Parshat Vayeshev: Refusing Comfort

“When it comes to feelings, there are few things in life more terrible than the death of a child”.[1] Thus it is unsurprising this week’s parsha tells us that, upon coming to the conclusion that his beloved son Yosef has been killed, Yaakov refused to be comforted – “וימאן להתנחם”.[2] Despite the Rambam, who rules that “אין בוכין על המת יתר משלושה ימים” the pasuk tells us Yaakov mourned the loss of his son for “ימים רבים”.[3] However, when codifying the halachot of mourning, the Shulchan Arach writes that “שלא להתקשות על המת וותר מדאי”; unlike the Rambam’s opinion that one should not mourn for more than thirty days, the Shulchan Arach holds one should not mourn more than necessary.[4] Yaakov cried over his son for more than thirty days because he “understood that the Halacha sets down the minimum requirement… a person who feels a need to mourn longer” is permitted to do so.[5]

The brothers never told Yaakov that Yosef had been killed, they presented him with Yosef’s bloodied coat and Yaakov concluded “חיה רעה אכלתהו טרף טרף יוסף”.[6] The infinitive absolute highlights the strength of Yaakov’s emotions upon seeing the garment. But he never sees a body. Experts assert that “all evidence suggests that seeing the body of the dead person is an important part of the adjustment process: it provides an opportunity to see… the realities of death”, an opportunity that Yaakov is never granted.[7] Thus he cannot be comforted because he hasn’t had the necessary closure, he cannot resign himself to the reality of his son being dead. This is something Rashi hints to in his commentary; quoting the Midrash Aggadah, he writes  “אין אדם מקבל תנחומין על החי”.[8] Without a body, without concrete proof of death, to be comforted becomes a sign of betrayal to a loved son; refusal to be comforted becomes a sign of loyalty, a sign of hope. So Yaakov continues to mourn, for twenty three years according to Rashi’s calculation.[9]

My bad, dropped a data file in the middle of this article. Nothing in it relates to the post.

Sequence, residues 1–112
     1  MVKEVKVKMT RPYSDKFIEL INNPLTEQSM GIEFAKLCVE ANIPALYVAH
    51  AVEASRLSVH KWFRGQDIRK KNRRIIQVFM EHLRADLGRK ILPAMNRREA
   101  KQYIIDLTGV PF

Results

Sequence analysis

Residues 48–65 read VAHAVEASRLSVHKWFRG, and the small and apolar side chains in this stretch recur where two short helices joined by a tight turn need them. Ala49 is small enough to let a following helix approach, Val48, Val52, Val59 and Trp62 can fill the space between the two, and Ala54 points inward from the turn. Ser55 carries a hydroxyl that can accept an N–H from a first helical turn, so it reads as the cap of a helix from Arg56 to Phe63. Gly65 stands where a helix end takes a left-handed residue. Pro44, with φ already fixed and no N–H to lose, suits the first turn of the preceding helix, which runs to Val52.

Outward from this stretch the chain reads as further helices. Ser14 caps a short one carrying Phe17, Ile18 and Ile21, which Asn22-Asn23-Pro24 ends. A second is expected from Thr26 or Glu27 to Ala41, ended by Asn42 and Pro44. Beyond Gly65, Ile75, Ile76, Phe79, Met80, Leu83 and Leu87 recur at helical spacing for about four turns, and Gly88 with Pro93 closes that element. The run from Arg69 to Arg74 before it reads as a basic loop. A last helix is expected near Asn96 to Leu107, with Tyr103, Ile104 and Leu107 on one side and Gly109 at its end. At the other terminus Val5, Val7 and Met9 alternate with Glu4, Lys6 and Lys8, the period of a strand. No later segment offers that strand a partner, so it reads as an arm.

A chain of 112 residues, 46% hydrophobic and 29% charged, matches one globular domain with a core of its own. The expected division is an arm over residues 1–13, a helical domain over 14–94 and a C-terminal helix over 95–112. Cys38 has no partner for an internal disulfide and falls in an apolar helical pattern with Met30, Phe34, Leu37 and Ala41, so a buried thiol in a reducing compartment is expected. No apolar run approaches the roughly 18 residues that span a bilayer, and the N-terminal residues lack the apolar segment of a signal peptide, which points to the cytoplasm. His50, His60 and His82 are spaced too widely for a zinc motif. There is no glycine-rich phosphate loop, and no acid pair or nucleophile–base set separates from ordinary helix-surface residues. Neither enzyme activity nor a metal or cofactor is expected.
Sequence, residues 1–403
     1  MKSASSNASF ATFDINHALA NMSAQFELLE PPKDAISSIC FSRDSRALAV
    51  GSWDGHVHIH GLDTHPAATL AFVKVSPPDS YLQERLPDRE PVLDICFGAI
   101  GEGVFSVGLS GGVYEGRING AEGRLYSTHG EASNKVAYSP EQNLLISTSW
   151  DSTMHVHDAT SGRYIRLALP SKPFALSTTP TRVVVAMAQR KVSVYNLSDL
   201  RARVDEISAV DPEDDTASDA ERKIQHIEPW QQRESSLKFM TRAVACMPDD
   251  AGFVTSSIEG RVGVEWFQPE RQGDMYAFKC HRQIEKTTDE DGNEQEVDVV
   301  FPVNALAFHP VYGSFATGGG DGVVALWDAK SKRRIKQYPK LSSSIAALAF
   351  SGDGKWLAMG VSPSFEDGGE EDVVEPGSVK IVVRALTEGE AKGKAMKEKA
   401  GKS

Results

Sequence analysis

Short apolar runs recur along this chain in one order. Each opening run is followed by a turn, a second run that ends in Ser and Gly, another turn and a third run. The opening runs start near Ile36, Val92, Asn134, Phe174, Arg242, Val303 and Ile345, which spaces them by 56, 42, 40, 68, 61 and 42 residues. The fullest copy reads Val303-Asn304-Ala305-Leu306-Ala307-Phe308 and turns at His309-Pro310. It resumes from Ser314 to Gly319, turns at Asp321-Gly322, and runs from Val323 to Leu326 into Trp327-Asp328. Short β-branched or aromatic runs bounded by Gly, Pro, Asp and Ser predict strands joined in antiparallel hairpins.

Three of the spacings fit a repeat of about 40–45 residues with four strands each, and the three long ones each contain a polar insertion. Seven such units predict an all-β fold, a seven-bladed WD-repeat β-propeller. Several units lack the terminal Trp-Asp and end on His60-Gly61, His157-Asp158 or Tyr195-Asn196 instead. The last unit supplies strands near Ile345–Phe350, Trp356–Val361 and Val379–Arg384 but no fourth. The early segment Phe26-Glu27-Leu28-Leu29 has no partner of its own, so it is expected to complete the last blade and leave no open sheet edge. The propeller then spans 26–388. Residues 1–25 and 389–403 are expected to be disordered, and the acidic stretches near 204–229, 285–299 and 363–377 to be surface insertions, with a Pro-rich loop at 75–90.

The poem Pearl, written by the Gawain poet, similarly deals with the theme of a bereaved parent (see summary here: 12957). At the beginning of the poem, the narrator tells the reader “I slode upon a slepyng-slaghte” before he has a vision of his deceased daughter.[10] The fact the narrator dreams about his daughter suggests he is thinking about her; he too has not come to terms with his loss, with the “pitiless hand of fate (that) tore her away at the tenderest age.”[11]

The poem’s tight and intricate structure is suggestive of this iron hand of fate which controls the Dreamer’s life. “The verbal patterning of Pearl is closely linked to its geometry and numerology”; the poem is constructed of twenty cantos, with sixty lines each, and would have been perfectly complete with exactly 100 stanzas and 1200 lines, had the poet not added one extra stanza.[12] The extra stanza, bringing the poem’s length to 101 stanzas, suggests a repetition of a cycle. This theme is also highlighted in the poem by the Gawain poet’s use of concatenation, which links each stanza of the poem to those preceding and succeeding it and links the last stanza back to the first stanza through the repetition of key words. The circular structure and the motif of the spherical pearl at the heart of this poem perhaps allude to the concept of the “Wheel of Fortune”, a symbol of the capricious hand of fate as controlling life and death. Fate stole the Dreamer’s daughter.

However, the main narrative within the poem concerns itself with convincing the Dreamer, and the reader, that there is no need to mourn because his daughter is a queen in heaven, she has been elevated beyond earthly comprehension. By the end of the poem, the dreamer declares “so wel is me in thys doel-doungoun/That thou art to that Prynses pave”, a statement of acceptance. Although the presentation of the dreamer throughout the poem suggests these lines “are indicative more of self-pity than of acceptance of his fate”, they still evoke some sense of closure at the poem’s end because, even if he cannot accept or understand it, the Dreamer has been made aware that his daughter is content and this is comforting.[13]